MUMBAI: National Geographic Channel (NGC) unveiled its final big programming of the year 2003 today (Thursday).
The channel has announced the premiere of Secrets Unveiled, a 52-minute, eight-episode series starting 2 November (Sunday) - which promises to take viewers to some of the most restricted places in the world.
NGC's veteran photographer, Reza Deghati, was in the city to promote the series. Reza has been involved in conceptualising, photographing and packaging two shows in the series - Inside Mecca and In the Forbidden Zone. The other episodes include Inside the Vatican, Inside the White House, Inside Air Force One, Inside the Pentagon, Inside Soviet Circus and Inside NFL Films.
Inside Mecca will take viewers on the annual pilgrimage to Islam's holiest city through the lens of Reza.
Nat Geo takes us Inside Mecca in Secrets Unveiled
Reza says the entire experience of travelling through Mecca as well as the forbidden areas of Afghanistan was spectacular. "At Mecca, it is a whole new experience to see faith in such magnitude. Year after year, millions of devout Hajjis come to this place and follow a passionate and spiritual journey of faith and prayer. At this point, it does not matter whether they are Hindus, Muslims, Jews or Christians. What touches you is the conviction - their belief."
Nat Geo's photojournalist Reza follows the pilgrims of Mecca through his lens
The episode - which will precede the rest- will focus on the personal stories of three Hajjis making the journey to engage in the rituals of Hajj.
Forbidden Zone documents Reza's journey through Afghanistan in the months of November and December 2000, to meet up with his friend, commander Masood.
Besides these two episodes, Reza is fascinated by Inside the Vatican. "The episode explores the Vatican and shows viewers that it is more than just the Pope."
Reza - who has been working with the National Geographic Society for 13 years - has tracked war-torn regions like Afghanistan, Rwanda and Egypt in the past. He says, "I am attracted by freedom and justice. I want to convey to the people that the notion of war goes against the notions of freedom and humanity. I go around these countries, photographing the pathos, because I want people to register how mundane war is. And I think photography has the power to change people's perspectives." His best photos are his searing images of oppressed and helpless children.
Inside the Vatican explores the unknown world of the Vatican
About his experience with Nat Geo he says, "With them, I have had the opportunity to explore the unexplored and go into places that no one has been before." Reza sees all his assignments as the best. "That's how I capture the best scenes in my lens," he explains.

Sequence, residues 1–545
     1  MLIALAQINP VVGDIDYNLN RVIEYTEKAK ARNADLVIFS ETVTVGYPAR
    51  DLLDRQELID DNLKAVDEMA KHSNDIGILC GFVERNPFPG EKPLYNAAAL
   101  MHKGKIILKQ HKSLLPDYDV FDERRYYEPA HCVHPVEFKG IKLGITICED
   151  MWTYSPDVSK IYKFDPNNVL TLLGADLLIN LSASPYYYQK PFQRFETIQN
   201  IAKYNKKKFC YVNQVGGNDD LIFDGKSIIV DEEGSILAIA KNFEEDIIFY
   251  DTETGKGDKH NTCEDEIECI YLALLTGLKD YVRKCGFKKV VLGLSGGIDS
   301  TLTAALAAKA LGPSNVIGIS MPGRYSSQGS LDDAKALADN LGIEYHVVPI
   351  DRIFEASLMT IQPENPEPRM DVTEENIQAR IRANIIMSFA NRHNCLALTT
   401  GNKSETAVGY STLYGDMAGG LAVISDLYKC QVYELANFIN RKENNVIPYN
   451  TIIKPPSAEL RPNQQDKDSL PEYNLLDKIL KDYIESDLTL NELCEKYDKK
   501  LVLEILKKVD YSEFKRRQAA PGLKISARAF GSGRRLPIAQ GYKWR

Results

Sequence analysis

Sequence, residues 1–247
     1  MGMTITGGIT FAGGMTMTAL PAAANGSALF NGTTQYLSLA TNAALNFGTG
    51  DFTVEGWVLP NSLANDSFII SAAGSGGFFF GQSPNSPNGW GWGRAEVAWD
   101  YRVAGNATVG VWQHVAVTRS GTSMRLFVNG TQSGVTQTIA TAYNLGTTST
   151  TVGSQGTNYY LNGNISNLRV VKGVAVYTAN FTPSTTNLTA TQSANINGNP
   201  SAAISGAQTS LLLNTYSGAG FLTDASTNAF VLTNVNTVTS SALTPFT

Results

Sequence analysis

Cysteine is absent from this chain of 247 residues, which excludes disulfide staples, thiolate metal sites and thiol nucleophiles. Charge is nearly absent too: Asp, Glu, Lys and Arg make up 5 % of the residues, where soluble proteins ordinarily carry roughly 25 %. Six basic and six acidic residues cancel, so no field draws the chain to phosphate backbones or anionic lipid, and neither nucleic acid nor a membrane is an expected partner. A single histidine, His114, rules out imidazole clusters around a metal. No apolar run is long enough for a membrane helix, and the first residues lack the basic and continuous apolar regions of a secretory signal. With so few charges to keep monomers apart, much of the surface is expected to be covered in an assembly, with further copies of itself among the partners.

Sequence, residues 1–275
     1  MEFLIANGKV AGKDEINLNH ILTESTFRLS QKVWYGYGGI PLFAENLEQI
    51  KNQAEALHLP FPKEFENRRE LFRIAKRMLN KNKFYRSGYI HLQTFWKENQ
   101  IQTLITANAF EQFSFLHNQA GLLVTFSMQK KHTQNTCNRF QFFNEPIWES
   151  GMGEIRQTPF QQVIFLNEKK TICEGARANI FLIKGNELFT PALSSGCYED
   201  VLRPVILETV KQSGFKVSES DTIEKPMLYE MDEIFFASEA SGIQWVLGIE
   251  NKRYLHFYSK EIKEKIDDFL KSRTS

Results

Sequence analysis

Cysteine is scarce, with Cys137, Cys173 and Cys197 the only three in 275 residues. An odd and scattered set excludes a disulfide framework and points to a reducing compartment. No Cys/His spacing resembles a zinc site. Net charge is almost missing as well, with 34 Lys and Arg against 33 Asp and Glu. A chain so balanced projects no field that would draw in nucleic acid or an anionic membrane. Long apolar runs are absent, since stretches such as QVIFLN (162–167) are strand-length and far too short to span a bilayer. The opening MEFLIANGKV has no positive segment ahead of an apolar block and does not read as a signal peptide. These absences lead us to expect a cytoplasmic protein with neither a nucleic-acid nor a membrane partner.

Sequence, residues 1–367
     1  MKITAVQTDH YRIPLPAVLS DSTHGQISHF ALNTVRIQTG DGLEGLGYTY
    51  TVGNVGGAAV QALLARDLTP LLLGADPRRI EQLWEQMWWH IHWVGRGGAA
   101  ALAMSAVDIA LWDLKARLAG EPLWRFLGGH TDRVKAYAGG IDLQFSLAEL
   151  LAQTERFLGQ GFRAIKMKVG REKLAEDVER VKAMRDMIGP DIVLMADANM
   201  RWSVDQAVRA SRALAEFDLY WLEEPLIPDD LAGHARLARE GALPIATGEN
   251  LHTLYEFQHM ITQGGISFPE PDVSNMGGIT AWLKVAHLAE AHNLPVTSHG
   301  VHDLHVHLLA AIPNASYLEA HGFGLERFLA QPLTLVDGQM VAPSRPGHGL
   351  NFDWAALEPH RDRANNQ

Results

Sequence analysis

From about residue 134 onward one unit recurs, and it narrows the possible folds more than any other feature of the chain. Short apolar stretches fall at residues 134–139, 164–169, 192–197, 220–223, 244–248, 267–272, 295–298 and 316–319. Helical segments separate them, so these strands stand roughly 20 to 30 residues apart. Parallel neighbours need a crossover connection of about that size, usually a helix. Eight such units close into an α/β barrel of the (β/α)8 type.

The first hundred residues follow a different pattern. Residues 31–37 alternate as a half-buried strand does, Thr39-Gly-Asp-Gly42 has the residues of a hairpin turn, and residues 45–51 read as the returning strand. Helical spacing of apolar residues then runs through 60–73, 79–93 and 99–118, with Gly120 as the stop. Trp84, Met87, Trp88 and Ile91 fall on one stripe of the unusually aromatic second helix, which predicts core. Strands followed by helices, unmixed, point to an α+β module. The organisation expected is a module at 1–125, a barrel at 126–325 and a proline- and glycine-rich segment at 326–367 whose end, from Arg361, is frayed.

Secrets Unveiled, he says, does not just bring the world's restricted areas to the spotlight but also goes beyond what is talked about. "Usually, when a pilgrimage site is discussed, it's just about people thronging to the places of worship. But Nat Geo pushes its focus right into the real scene - the frenzy, the faith. The entire story is told to the people."
Reza believes that National Geo's aim is to "increase and diffuse knowledge" literally (The Society's credo is 'for the increase and diffusion of geographic knowledge'). "It's an institution with values and that's what I am defending," he adds.
NGC's assistant V-P (marketing) Puneet Johar says about Secrets Unveiled, "The series is an example of our compelling programming. We want to bring to the viewers a credible and entertaining programme." The series' on air promos goes, 'Eight restricted places, only Nat Geo can take you there'. Johar ensures that the channel will keep its promise.
About NGC's other initiatives in India, Johar says, "We recently had Kapil Dev promoting the Science of Sports show. We want to illustrate the scientific aspect of every sport including cricket. The spin bowling, batting, fielding - all have a science behind it. By getting Dev to promote the show, we got credibility for the show."
To promote their major programming in 2004 Mission Mars, NGC plans to rope in some local talents, Johar says, but refuses to divulge further at present.
"Besides NGC has Indyeah!, a two-hour block on Thursdays from 8-10 pm which shows various aspects of the country - the people, wildlife, the tribes and so on," Johar informs.
As for Reza, he states that while India does interest him, he is still hoping to find a story, a subject to delve into, here.